2" Well and Jet pump Systems

These systems have been widely available since the early 1940's. Today, in Wisconsin, they are most frequently found in easy to drill formations where shallow water is plentiful. They offer a mechanism for some to more easily provide their own water supply.



"Jet Pump Systems", or "Centrifugal Pump Systems" (they do not all use jets) are typically installed on either 2' wells or driven points.  They are divided into two different categories, "SHALLOW WELL" and "DEEP WELL" systems.  Those names actually have nothing to do with the actual depth of the well, rather they describe how the pump lifts the water.  See below for more information.

These pump systems are most often paired with driven points---either using 1.25" or 2" galvanized steel pipe or on a jetted 2" well using a 1.25" screen telescoped beyond the end of the 2" casing. The latter type here in Wisconsin is only allowed to be constructed for hire by a licensed well driller.


Click on the drawing below to see a cross section of how your 2" well is possibly constructed.  It may also look the same at the surface when constructed with a driven point, however, the point in that case would not be repairable without removing the casing.

Shallow Well Jet pump Operation

Note the single water opening.


Imagine placing a straw in a glass of soda.  As you sip on the straw, you are creating a low pressure area---a small vacuum---relative to the atmospheric pressure that is surrounding you, or the air pressure on the outside of the straw.  That relatively greater air pressure all around you is what then pushes the soda up the straw.  That is essentially how a shallow well jet pump works.


Many people choose to drive their own well point, and this is the type of pump system most commonly used.


Water has weight.  If you dive for pennies in the shallow end of a swimming pool, you don't it notice much.  Dive to the bottom of the 12' end and you can feel the difference.  Every 2.31 foot of water = 1 pound per square inch (psi) of pressure.  Lift a column of water 23.1 feet = 10 psi.  You are constantly surrounded by about 14 psi of atmospheric pressure.  You take away ALL of that 14.7 psi (at sea level) and the difference in pressure created by that vacuum will allow you to lift a column of water about 33 feet into the air.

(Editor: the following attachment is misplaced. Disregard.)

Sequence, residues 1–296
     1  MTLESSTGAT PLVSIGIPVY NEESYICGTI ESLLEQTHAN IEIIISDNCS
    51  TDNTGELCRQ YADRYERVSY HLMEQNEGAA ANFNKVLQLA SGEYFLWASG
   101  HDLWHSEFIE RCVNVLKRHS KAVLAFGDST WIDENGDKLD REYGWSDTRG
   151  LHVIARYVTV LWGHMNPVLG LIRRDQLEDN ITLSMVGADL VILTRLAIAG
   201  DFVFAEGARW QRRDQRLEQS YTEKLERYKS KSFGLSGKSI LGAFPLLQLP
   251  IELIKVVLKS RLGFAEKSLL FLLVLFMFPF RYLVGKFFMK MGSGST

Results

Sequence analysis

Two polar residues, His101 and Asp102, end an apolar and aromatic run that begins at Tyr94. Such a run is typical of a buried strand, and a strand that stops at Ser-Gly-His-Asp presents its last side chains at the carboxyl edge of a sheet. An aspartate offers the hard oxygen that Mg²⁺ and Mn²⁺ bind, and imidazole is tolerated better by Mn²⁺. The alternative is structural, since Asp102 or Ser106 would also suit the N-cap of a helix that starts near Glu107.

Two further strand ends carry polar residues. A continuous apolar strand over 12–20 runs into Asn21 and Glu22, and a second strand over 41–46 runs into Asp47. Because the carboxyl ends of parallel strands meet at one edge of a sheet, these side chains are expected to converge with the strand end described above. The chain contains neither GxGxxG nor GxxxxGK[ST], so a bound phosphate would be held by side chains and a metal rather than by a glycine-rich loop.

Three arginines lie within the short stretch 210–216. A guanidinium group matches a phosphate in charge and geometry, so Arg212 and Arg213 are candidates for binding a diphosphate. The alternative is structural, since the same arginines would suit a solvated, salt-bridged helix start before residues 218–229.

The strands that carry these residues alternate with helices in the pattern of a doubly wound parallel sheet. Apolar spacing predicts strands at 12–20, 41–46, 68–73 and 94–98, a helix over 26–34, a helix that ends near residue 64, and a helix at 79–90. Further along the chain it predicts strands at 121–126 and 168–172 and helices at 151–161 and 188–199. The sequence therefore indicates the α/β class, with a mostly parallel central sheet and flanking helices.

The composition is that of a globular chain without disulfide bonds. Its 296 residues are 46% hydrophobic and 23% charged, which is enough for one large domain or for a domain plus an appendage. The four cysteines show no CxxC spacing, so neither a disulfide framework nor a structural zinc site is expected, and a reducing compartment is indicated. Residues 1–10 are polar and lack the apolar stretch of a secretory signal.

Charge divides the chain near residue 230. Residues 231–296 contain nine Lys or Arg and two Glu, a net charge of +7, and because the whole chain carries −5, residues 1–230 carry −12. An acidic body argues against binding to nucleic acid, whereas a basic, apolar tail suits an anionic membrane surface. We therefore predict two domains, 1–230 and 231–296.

Even if you create a perfect vacuum, however, you cannot suction lift a column of water more than about 33 feet at sea level.  It does not matter how big your pump is!  The pump cannot ever create more of a vacuum than a vacuum!  Geographically here in Wisconsin, it's an average of about 900' above sea level.  That means that the air here is just a little "thinner" air than at sea level.  A little less atmospheric pressure to push the water up the pipe.  Add the fact that a jet pump does not even come close to creating a perfect vacuum and you find that the efficient, or practical limit to the shallow well pump is about 24'.  The deeper it is to water, the less efficient it is to lift the water, the more difficult it is to prime the pump, the less volume you get once the pump is finally primed.


Click here to see a chart of practical lift of shallow well pumps.


If your pump is located in your basement or crawl space, you are still required to have it connected by use of concentric piping and a Pitless Adapter.  You can see an example of how it needs to be hooked up here.